Bulgaria to become Balkans’ tech capital and Europe’s next big thing


Many articles are suggesting how Bulgaria may be Europe’s next big thing, or how Bulgaria is striving to become Balkans’ tech capital. Maybe Bulgaria already is the tech capital in the Balkans, and has become Europe’s next big thing for some time now.

According to an article published by Venture Beat last year, “Bulgaria has the highest average reputation among top users in the world.” According to the analysis, Bulgaria has a top user’s score of 57.21 per capita with 40 users that have a reputation of 5,000 or higher. “If you are top user in Bulgaria, chances are you a total Stack Overflow rockstar.”

Bulgaria, as one of the most developed countries in the Balkans and in Europe, for a relatively long time has been known for its strategic geographic location. Being an agricultural country with a predominantly rural population in 1980s, Bulgaria has managed to transform into an industrial economy with a well-developed energy sector and ICT sector.

“Bulgaria is striving to catch up with central Europe, where economies based on low-cost manufacturing and exports are shifting to innovative and creative industries. A generation of westernised engineers and programmers with a global outlook now underpins the country’s emergence as the technology capital of the Balkans. Computer science and engineering graduates are no longer migrating in droves to the US and Germany. Local companies employ about 40,000 software engineers while the IT sector contributes more than 3 per cent of the country’s output, compared with less than 1 per cent four years ago,” according to a recent article published on Financial Times.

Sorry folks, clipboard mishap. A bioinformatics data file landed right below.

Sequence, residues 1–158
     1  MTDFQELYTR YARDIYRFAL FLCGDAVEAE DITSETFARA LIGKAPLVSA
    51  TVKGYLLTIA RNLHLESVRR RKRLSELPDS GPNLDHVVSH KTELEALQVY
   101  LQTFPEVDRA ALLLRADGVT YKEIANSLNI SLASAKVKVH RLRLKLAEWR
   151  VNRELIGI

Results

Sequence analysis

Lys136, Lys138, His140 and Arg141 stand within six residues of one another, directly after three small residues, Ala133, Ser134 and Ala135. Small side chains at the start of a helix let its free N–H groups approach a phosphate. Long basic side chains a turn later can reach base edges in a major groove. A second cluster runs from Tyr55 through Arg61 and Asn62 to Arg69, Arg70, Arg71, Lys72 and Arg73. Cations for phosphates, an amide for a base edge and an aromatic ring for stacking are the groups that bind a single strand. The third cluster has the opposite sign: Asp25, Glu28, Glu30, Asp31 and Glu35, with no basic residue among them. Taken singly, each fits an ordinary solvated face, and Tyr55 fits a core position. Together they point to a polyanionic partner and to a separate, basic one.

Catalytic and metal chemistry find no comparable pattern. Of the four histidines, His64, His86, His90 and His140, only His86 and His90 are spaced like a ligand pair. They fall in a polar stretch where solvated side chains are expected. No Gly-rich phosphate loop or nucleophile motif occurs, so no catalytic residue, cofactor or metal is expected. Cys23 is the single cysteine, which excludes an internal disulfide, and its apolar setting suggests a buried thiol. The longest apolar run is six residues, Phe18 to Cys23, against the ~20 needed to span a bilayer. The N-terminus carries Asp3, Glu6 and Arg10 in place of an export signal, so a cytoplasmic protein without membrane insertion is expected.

Many Bulgarian cities such as Sofia, Ruse, and Plovdiv, have been transformed into tech hubs, providing great nearshoring opportunities for IT companies in Europe willing to invest in countries like Bulgaria due to lack of IT professionals and developers in their respective countries.

Innovation has been part of Bulgaria’s ICT flourishing period long enough to attract attention not only from Western European Countries, but also globally.

According to the president of Bulgaria, Rosen Plevneliev, Bulgaria can become an ‘engine’ and a regional information and communications technology hub in Europe. “We see ICT clusters as an important part of the development of the Bulgarian economy,” said Plevneliev during a meeting with the European Commission Vice-President for the Digital Single Market, Andrus Ansip in April 2015.

As with anything good comes something bad, “some entrepreneurs worry that a looming skills shortage risks undermining Bulgaria’s regional IT hub hopes.” Roddy Dervishev, founder of Sibiz said in an interview with the Financial Times that “Universities don’t have the resources to teach cutting-edge skills so we’re going to face a situation where demand outstrips supply.”

We have yet to see how much more Bulgaria is going to develop in the coming years, and how many more investors are going to decide to make the decision of investing in Bulgaria’s main cities and in its IT sector.


Image Source: Operation World

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